Retreat To Enen – PC Review

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Retreat to Enen is an exciting new first-person survival game. Set in the distant future, humanity has barely survived its own extinction – brought on by war, pollution and self-interest. Survivors now try to coexist with nature, desperate not to repeat their mistakes… too little, too late? Releasing on August 5th 2022, Retreat to Enen is under development by Head West, and will be available to play on PC via Steam.

Craft, Build & Hunt

Sent to survive alone on some tropical island, you must prove yourself to be on with nature. Craft, gather and hunt responsibility in order to survive and thrive.


Similar to games like ARK, Rust, Conan Exiles and Valheim, at its core Retreat to Enen is a simple gather & craft game. The unique twist in Retreat to Enen is you’re trying to be responsible and ‘at one with your surroundings. So while you might start like in any other survival game – gathering up resources from the ground, you will also finish it doing the same thing –  let me explain. Humanity has sworn to be less materialistic, greedy and selfish, so scavenging is the new normal. Why chop down a tree when a branch has fallen to the ground?

This mechanic is hardwired into the game through an extra attribute on the player; Spirit. Just like you must manage your health and stamina, you must also keep an eye on your Spirit. To help with this, Enen has meditation pods scattered throughout the landscape. Tactically building near one of these pods will really help you out, particularly in the earlier stages of the game.

Something I found a little strange at first was the clothing of our character. As we’re here by choice, we don’t start naked or wearing only a simple rag. Instead, we have a full futuristic suit, complete with AI and a mining device. Mining is a little limited, however, as you can only break up veins found on the surface – no digging holes or blasting rocks.


So far you probably have an image in your mind of a tranquil island, with all the meditation pods and cute little turtles roaming around. Unfortunately, Enen also has some serious hazards to watch out for.

Players need to avoid drinking stale water or being bitten by venomous snakes and other creatures – all things that can make you seriously ill. Cooking up a quick anti-venom or medicine is you’re only chance in these scenarios. Though, if you do die you simply revert to your last saved game, so it’s not the end of the world so to speak.

It’s been noted in other reviews that developers have hinted towards environmental hazards being a thing in later zones – an exciting prospect. Cold zones where survival suits are required, or even hot zones perhaps?

Graphics & Audio

If you’ve read any of my previous reviews, you’ll know by now I use a PC – running a Ryzen 5 3600, 32GB RAM 3200MHz and an RTX 3070. This far exceeded the recommended Quad Core CPU, 8GB RAM, 660ti GPU. Surprisingly the game only requires 10GB available space, a welcome site considering survival games like ARK are now close to 300GB.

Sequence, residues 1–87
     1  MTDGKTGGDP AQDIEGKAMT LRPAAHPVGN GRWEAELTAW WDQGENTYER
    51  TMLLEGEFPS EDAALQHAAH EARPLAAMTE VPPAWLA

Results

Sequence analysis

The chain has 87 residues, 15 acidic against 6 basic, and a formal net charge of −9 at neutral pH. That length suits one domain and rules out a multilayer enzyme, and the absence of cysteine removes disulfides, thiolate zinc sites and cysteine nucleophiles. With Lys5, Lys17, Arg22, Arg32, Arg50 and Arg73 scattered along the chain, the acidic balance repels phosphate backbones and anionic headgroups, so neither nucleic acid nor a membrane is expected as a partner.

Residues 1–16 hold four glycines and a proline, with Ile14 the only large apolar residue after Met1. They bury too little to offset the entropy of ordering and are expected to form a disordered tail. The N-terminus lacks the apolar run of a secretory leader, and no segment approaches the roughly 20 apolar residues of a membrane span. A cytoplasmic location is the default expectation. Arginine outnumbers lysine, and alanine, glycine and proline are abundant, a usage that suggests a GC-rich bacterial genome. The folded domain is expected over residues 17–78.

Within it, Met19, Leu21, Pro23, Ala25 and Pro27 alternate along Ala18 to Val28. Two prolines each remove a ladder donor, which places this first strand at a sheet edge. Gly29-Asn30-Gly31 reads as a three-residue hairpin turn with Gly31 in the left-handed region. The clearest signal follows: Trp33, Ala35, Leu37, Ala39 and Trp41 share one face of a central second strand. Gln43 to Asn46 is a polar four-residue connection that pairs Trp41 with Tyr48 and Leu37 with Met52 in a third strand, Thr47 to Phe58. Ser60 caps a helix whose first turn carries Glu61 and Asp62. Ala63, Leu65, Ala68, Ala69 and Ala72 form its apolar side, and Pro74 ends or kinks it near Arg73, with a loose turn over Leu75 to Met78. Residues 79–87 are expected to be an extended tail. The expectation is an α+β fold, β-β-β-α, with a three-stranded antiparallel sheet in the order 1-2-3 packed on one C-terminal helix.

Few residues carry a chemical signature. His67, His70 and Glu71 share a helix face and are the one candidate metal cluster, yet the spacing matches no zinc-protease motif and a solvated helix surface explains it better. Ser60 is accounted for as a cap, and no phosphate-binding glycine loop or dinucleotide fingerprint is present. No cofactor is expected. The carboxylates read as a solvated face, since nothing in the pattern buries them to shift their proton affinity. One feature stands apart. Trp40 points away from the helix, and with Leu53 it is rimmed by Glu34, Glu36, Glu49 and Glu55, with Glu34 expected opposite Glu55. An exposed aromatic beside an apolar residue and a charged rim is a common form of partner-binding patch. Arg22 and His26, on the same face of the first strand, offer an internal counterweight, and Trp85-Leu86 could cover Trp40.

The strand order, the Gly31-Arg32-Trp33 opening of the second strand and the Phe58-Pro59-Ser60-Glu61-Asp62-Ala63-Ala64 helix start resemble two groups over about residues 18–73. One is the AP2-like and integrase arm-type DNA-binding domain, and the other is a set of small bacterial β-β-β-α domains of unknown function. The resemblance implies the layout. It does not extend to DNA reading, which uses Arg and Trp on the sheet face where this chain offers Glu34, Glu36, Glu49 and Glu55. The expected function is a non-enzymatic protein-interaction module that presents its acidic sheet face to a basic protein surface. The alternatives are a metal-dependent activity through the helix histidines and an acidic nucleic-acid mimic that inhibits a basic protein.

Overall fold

It’s worth noting that I played Retreat to Enen using an early access code, so some issues are to be expected. With that in mind, let’s talk about performance.

Unfortunately, I did experience the occasional crash caused by some kind of memory issue, which resulted in a loss of unsaved progress. Occasional issues and graphical glitches such as misaligned textures did occur, but hopefully, these issues are something the developers will have resolved before the official release. Overall though the experience has been an enjoyable one, with no real concerns regarding graphics. I mean, the game looks stunning, look at it!

In terms of audio, there’s not a great deal to say other than Enen is well designed audibly. You’re able to listen out for ambient sounds of running water, animals and other such things which help you survive. The jungle sounds pretty amazing too, with all the birds and weather!


Playing for an hour’s session at a time is about right for this title. That’s just enough time to get online, accomplish something and then head off before you lose interest. It would be nice to see some DLCs introduce a few more hazards, perhaps the environmental ones we mentioned before. I’ve never seen a landslide or a flash flood in a survival game, and Retreat to Enen has the perfect backstory for something like this.

Final Thoughts

Retreat to Enen is landing at a time when we as humans are starting to really explore the issues of climate change, and our effect on the natural world. The game really explores some of these issues in a relaxed and passive manner.

I really felt immersed in the environment – particularly the jungle and was conscious of how my actions affected the world around me. For example, I found it difficult to kill turtles for meat and often opted for a nice coconut instead! Or a snake… but it’s morally easier to kill a danger noodle than a turtle – is that wrong?

It took me a good to realise I was actually learning through playing, and I’d love to see more games do what Retreat to Enen is doing. I genuinely look forward to seeing the game progress in the future. Extra DLCs could bring new environments, animals and resources – an exciting prospect!

I’d definitely recommend this as a relaxing experience and will be returning to play again in the future.

I award Retreat to Enen a Thumb Culture Gold award!


Disclaimer: A code was received in order to write this review.

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One thought on “Retreat To Enen – PC Review

  1. I love Retreat To Enen’s focus on coexisting with nature and on how meditation is a key game mechanic. The game teaches us about the real world, not just a fantasy world as almost every other game does 🙂

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